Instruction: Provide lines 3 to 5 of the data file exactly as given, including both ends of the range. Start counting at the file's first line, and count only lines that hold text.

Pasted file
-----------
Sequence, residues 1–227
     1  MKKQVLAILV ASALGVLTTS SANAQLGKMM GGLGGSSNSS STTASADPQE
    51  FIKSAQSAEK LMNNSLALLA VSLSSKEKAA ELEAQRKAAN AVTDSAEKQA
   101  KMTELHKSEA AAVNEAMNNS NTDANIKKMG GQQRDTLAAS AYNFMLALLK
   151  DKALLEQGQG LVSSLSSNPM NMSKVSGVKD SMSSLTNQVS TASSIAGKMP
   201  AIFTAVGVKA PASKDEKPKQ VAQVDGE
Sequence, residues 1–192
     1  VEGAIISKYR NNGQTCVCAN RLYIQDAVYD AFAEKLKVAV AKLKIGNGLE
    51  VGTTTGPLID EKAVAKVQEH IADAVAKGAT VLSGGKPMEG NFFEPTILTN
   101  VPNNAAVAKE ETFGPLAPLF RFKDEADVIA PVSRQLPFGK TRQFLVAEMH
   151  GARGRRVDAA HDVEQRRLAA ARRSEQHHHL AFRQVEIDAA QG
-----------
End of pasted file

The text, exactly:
    51  FIKSAQSAEK LMNNSLALLA VSLSSKEKAA ELEAQRKAAN AVTDSAEKQA
   101  KMTELHKSEA AAVNEAMNNS NTDANIKKMG GQQRDTLAAS AYNFMLALLK
   151  DKALLEQGQG LVSSLSSNPM NMSKVSGVKD SMSSLTNQVS TASSIAGKMP